It’s Arrival week on the blog. With Katherine Trebeck as a guest co-author for the week, we’re going to explore the themes of our book. Today we take a look at what we mean by Arrival.
Arrival is the idea that sparked our book and gives it its title: The Economics of Arrival: Ideas for a Grown Up Economy. But what do we mean by it? What is arrival?
(Besides being a rather good sci-fi film that came out while we were writing the book and drank our Google juice, obviously.)
Arrival is the notion that development has a destination. Growth is a means to an end, and at some point its work is done.
Arrival is about having enough to, in theory, have one’s basic needs met, and having all the resources required for a good life. To use a phrase that Jeremy’s grandma regularly said at the end of a good meal, we could describe it as reaching a point of ‘ample sufficiency’ in terms of wealth and resources in the economy as a whole.
In the context of national economies, a country has arrived if it has a high enough wealth and resources to theoretically provide a high quality of life for all its citizens. It has the finances and the materials to ensure everyone has what they need. Whether everyone has a good life in reality is, of course, a matter of access and distribution. Those are questions of politics and institutional design. Having enough resources collectively doesn’t necessarily mean everyone individually has enough. But it could, if a nation chose to make it so.
With that in mind, reaching a point of Arrival doesn’t mean that all problems are solved. We’re not suggesting that there’s a magical threshold where everyone’s needs are automatically provided for. But we can imagine Arrival as a moment when a society has the means for this. Growth has reached a point at which a good life could, theoretically, be universal.
Arrival is therefore a possibility, not a promise.
We’re using a journey metaphor, where rising economic growth and human development take us ever closer to our destination. You could, as in the sub-title of our book in fact, also consider Arrival to be a process of maturing and reaching adulthood, a metaphor captured in the German word for ‘postgrowth’, ausgewachsen. Or a tree reaching its full size, finding its niche among its neighbours, optimized to the rainfall, soil conditions and sunlight in the place where it stands.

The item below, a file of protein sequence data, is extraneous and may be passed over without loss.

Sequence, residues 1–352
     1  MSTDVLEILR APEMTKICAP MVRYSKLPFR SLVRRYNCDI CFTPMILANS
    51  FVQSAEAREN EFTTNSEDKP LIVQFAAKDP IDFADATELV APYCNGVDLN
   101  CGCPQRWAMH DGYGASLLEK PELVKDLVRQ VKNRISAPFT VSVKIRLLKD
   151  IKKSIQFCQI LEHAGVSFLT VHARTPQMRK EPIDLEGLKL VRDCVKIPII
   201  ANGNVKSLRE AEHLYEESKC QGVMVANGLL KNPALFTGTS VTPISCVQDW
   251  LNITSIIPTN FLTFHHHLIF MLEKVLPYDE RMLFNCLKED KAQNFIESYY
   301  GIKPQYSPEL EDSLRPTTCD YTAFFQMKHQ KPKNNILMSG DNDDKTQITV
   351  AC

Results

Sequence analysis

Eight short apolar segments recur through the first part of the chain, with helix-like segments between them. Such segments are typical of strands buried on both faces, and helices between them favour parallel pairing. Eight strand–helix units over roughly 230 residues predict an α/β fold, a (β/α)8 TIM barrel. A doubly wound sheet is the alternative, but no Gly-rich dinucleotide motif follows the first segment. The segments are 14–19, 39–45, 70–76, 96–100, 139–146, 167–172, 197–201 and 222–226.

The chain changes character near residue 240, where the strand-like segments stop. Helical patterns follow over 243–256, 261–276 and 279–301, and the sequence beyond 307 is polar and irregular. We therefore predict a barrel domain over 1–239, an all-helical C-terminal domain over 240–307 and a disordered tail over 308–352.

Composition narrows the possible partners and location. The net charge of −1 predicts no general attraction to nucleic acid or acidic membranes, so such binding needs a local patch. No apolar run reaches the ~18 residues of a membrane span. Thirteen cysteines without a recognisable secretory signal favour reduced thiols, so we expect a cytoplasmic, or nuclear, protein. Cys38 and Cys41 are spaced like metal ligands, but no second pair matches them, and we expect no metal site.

This growth towards maturity is present all through nature. What if we extend the principle towards the economy? What does an economy look like when it is all grown up?
That does beg the question of how we know if and when a country has Arrived – and which of the world’s nations might already be there. It also raises the important question of what a country’s priorities should be once arrival is reached (and recognized). That’s something we call ‘making ourselves at home’, and we’ll look at that tomorrow.
Arrival is useful as a concept because it unlocks these kinds of questions. It’s a provocative notion, one that prompts us towards new lines of thinking. And those are positive questions – maturity is to be celebrated. Arrival is a success story. It delivers on the hopes of our ancestors, and promises a less stressful, more secure future for the next generation. But that would require us to recognize it and embrace it, or risk losing the gains so far in the scramble for more.
Let’s ask those questions, and see where they take us next. Welcome to the Arrivals Lounge.
- Feature image by Kipras Štreimikis, tree by Jeremy Bishop